By Jonathan Krall
I often hear that the future of Alexandria depends on transit.
Indeed, our 2008 transportation master plan sets a goal of successfully integrating walking, biking and other transit options. This plan — we are told — will meet Alexandria’s environmental goals: reduce per capita vehicle miles traveled by 5 percent every five years and increase the number of commuters using public transportation by 25 percent by 2020.
In 2008, transit mode share was 22 percent, so our goal is 28 percent. That’s a lot of residents not gridlocking our roadways every day. But the census tells us we are not making progress: For 2009, 2010 and 2011, we have 21 percent, 21 percent and 18 percent, respectively.
I have been assured that Alexandria is designing and building for the future, but I am not convinced. I am particularly concerned about Potomac Yard.
As we build for a transit-oriented future that differs substantially from our car-oriented present, we face a challenge: Many residents do not like to see their neighborhoods change. For example, Alexandria is home to residents who bought houses here because, at the time, it was easy to drive from the city to jobs in nearby Washington.
We also have residents who bought homes near the Metro or job centers for similar ease of commuting. In other words, people move to a place because they like that place the way it is.
Here is another example: According to a 2006 study by the Delaware Department of Transportation, people often oppose new bike lanes and paths even though they increase property values. After the bike paths go in, attitudes change and property values go up, but it is new residents, attracted by the bike lanes, who lead the way. If we want a transit-oriented city, we need transit-oriented residents.
To achieve a transit-oriented future that provides relief from automotive gridlock, we need to build new neighborhoods that will attract people who prefer not to drive. The best way to do this is to build the transit first, so that, when new housing is built, prospective residents will visualize themselves walking or cycling to the Metro or bus rapid transit.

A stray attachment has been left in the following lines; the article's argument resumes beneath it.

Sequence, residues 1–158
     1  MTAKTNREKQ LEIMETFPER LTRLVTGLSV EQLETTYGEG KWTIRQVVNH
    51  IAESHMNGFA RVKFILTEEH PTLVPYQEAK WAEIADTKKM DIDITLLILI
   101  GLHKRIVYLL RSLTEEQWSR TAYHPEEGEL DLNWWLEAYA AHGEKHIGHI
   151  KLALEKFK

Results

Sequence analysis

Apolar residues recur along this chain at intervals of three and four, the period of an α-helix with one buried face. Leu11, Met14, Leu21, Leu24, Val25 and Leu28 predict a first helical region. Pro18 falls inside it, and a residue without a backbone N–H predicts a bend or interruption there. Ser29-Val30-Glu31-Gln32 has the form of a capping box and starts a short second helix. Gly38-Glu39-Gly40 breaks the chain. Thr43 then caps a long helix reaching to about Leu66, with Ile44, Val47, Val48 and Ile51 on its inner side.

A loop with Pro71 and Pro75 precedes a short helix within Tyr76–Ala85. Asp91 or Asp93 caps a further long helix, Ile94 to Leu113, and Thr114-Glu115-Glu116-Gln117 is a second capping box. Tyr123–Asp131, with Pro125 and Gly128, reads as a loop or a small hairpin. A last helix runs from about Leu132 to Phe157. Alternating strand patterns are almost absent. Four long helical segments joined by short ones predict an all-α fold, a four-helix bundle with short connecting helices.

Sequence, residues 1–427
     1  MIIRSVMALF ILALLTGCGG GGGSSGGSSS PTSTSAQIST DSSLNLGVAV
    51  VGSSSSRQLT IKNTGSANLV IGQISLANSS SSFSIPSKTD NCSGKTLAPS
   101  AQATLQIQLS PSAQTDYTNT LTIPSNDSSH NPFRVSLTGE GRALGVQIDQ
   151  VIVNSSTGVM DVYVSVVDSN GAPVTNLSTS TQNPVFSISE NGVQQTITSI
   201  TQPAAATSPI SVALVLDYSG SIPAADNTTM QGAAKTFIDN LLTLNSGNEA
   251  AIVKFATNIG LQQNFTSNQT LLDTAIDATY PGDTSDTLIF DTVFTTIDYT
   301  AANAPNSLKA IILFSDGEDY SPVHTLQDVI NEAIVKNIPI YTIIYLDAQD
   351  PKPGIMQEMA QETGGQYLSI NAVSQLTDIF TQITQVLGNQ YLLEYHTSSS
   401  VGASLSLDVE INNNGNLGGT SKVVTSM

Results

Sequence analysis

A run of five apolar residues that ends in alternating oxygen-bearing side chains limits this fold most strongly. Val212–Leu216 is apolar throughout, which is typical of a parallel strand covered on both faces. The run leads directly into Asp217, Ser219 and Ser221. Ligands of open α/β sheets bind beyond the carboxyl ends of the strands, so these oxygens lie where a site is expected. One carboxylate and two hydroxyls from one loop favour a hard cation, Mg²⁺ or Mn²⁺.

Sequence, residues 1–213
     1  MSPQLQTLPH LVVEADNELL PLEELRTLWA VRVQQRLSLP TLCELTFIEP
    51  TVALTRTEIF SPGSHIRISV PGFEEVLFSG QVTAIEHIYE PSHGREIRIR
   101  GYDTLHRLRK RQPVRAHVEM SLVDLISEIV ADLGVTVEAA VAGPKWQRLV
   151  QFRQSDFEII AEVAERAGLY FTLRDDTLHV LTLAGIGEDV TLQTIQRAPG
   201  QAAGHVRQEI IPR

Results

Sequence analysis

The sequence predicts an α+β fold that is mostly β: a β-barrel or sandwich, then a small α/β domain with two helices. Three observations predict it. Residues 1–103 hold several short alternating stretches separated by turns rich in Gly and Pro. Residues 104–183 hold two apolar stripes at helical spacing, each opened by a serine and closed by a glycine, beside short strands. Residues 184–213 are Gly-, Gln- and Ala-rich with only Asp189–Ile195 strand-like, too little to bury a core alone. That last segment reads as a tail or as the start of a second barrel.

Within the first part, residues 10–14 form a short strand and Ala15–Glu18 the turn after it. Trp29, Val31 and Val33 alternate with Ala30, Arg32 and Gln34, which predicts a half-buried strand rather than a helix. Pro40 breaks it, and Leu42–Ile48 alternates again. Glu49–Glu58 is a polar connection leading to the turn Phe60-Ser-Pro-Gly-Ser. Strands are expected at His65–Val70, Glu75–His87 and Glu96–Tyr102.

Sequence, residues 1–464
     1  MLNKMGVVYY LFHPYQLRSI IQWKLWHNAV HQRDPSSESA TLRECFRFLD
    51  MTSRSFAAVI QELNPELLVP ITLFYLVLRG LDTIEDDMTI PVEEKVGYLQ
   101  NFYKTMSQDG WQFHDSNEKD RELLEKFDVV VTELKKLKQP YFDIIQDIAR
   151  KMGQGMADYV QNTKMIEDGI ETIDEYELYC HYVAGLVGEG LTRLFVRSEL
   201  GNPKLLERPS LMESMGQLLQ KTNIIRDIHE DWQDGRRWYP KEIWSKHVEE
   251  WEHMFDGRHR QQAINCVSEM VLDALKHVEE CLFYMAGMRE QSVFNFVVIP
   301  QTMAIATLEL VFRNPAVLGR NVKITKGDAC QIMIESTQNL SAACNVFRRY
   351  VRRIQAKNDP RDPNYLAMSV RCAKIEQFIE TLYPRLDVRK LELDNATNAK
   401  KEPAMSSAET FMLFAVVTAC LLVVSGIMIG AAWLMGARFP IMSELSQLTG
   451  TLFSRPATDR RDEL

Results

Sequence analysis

The last thing we should do is build new housing next to two multilane roadways with no evidence of transit options and wide streets that favor cars over pedestrians. Yet, that is exactly what we are doing in Potomac Yard, where all bike lanes end on the Arlington side of the border.
If we want the new residents of Potomac Yard to be encouraged to eschew cars, we need to give them something other than roads. As it stands, Potomac Yard is hampered by a complete lack of bike lanes — lanes that could get residents quickly to the new Metro station as well as the Route 1-Potomac Yard bus rapid transit line. The appeal of bicycling has been proven at nearby Braddock Road Metro station — the station with more parked bicycles than any other in the 86-stop system.
We could fix this situation quickly and at very little cost by narrowing or reducing traffic lanes on Potomac and Main Line avenues and adding bicycle lanes. Further, we could add a bicycle parking facility or bike station to the bus rapid transit line that is under construction.
Sadly, we seem to be doing the opposite. I was astounded to learn from city staff that the bus rapid transit line will have no bicycle parking at all.
Potomac Yard presents us with the opportunity to attract new residents that are enthusiastic about bicycling, walking and transit. With a little restriping and repaving, we can do this for a tiny fraction of the cost of a new bus or a bus rapid transit station. This small investment will pay for itself in increased transit revenue and reduced gridlock. Let us please seize this opportunity instead of squandering it.
The writer is a member of the Alexandria Bicycle and Pedestrian Advisory Committee.
In the article ‘Water under the bridge’ (a curious title) ... the Times inappropriately displayed its bias against waterfront development.”